Pensions industry warns against early access to savings
- 27 February 2011
- From the section UK
Plans to let people take money out of their pensions in their 30s could increase dependency on the state, according to one industry group.
The National Association of Pension Funds (NAPF), which represents 1,200 schemes, says the proposals could leave people short of funds in retirement.
The government is keen to consider the idea of early access, to encourage more people to save for their pensions.
Ministers will examine the results of a consultation before making a decision.
'A huge upheaval'
At the moment only those who are older than 55 can access their savings with a company pension scheme. The government thinks people should be able to access them in their 30s.
The Chief Executive of the NAPF, Joanne Segars, warns that letting people dip into their pensions would be "a huge upheaval for pensions funds, for really very little benefit."
"There is little evidence to show that giving people early access would either increase the amount people save, or get them saving in the first place", she says. "We think this could be very, very confusing for individuals."
The Association thinks that taking out a small amount could leave a large hole in final pensions, leaving people reliant on the state. It also warns that more complex administration could drive up the cost of having a pension.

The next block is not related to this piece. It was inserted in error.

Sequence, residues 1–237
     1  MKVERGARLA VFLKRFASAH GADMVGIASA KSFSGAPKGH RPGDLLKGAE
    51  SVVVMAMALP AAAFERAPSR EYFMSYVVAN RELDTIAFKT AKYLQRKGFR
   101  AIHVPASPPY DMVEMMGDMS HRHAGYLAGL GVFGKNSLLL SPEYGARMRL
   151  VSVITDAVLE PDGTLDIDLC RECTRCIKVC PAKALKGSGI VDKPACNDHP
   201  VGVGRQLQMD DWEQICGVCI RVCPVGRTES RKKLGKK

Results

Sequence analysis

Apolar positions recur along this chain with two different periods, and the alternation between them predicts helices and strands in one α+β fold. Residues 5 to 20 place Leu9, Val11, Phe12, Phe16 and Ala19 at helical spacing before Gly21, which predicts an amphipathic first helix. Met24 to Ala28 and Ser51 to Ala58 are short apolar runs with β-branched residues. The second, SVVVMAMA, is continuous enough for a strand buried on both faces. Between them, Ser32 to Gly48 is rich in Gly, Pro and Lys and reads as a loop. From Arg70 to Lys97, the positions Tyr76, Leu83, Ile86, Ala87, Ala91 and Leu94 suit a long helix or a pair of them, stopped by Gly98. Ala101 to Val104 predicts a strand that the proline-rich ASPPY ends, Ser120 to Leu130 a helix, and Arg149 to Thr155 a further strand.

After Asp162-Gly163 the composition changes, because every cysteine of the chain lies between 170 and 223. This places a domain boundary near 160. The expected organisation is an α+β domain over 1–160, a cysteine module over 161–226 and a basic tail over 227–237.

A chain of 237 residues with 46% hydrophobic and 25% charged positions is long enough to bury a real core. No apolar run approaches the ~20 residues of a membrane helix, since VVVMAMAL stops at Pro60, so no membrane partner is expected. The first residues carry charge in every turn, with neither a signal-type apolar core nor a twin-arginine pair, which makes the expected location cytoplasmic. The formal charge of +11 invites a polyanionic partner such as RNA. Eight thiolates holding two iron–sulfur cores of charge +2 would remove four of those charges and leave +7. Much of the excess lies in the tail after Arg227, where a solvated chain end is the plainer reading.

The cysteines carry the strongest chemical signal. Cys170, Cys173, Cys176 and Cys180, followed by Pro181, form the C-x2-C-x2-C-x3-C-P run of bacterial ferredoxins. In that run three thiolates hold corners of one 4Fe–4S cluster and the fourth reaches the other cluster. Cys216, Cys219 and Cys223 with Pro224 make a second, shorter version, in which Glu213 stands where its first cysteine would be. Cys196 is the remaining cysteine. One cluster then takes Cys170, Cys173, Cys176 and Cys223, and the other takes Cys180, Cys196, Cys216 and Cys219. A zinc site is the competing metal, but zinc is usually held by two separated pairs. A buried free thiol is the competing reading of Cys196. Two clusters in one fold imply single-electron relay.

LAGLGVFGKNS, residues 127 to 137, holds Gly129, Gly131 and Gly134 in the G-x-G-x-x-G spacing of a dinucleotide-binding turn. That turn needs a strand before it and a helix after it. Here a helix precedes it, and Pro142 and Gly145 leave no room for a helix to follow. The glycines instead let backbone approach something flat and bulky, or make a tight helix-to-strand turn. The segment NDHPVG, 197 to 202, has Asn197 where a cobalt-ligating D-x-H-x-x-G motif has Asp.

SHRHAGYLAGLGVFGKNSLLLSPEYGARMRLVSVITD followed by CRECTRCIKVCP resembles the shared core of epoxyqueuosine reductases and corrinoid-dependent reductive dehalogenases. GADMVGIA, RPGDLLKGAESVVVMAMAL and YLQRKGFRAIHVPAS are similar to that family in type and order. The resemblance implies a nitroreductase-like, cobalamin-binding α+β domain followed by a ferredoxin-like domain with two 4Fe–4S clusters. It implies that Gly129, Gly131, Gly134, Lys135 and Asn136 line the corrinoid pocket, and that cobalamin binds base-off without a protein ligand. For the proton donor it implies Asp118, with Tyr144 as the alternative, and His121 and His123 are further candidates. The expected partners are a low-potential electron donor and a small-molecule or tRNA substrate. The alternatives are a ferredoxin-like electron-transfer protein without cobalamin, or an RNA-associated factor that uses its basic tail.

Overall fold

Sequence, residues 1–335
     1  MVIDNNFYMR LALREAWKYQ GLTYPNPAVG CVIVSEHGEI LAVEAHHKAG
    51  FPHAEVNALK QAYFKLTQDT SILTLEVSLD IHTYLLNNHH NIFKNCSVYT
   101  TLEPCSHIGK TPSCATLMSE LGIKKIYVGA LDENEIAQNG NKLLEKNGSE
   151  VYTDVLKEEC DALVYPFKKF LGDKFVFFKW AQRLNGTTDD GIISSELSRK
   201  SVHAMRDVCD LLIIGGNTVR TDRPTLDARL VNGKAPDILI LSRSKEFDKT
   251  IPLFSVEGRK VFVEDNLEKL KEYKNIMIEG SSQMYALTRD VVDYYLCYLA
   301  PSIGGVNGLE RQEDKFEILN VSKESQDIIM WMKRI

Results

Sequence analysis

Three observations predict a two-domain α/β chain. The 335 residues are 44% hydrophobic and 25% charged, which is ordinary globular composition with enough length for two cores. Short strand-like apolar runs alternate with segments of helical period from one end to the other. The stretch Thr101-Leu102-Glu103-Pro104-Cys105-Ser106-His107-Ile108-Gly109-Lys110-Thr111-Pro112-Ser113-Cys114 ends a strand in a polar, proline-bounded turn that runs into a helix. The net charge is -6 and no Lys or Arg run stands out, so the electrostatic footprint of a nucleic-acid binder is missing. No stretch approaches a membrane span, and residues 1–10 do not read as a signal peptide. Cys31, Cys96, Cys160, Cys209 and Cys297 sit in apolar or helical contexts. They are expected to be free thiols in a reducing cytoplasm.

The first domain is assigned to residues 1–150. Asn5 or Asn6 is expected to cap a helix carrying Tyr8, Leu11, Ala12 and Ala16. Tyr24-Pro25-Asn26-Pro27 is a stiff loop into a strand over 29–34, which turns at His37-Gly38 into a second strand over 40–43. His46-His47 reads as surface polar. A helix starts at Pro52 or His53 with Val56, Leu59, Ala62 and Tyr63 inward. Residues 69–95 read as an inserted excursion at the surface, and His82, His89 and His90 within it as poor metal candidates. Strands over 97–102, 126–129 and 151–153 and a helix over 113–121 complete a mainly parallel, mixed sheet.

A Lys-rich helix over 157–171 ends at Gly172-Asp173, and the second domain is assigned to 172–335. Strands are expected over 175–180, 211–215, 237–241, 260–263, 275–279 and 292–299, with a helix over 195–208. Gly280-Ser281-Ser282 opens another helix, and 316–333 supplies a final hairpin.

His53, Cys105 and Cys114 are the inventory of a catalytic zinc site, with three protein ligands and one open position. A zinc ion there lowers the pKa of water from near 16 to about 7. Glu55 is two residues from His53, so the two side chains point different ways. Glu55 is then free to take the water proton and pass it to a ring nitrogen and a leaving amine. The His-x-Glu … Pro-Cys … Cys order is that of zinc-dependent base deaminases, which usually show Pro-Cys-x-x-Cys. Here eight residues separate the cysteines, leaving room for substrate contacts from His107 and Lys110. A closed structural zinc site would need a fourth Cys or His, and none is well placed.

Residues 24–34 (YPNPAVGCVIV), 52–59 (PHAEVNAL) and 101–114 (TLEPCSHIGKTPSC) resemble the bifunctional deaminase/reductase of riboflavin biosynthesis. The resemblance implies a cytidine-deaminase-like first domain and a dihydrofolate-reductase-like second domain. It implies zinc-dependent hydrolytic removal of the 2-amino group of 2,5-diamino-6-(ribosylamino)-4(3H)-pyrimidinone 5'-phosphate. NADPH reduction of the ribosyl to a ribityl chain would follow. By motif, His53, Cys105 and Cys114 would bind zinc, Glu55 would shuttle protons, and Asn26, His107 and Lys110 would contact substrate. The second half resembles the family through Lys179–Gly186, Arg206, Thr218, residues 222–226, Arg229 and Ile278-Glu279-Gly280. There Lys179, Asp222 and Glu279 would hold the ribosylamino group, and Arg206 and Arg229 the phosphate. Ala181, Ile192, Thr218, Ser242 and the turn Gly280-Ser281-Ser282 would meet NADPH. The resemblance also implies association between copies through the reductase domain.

The government says it is committed to encouraging saving, and wants to give individuals the maximum flexibility and responsibility to save for retirement.
In a statement it said: "Early access is an idea the government is keen to consider. An informal consultation closed on Friday and the government will now make a decision on whether to develop more detailed proposals in the light of the responses received."
The Director General of the Saga group, Dr Ros Altmann, thinks the proposed change is an "absolutely excellent idea".
"The problem we have at the moment is people feel, certainly if you are in your 20s and 30s, that by putting money into a pension that money is confiscated from them, because they can't get it back until they are in their 50s."
She said: "There are lots of people at the moment who have got tens of thousands of pounds in a pension fund who are having their houses repossessed, because they can't get the money."
The Department for Work and Pensions estimates that around 7 million working age people are currently not saving enough for their retirement.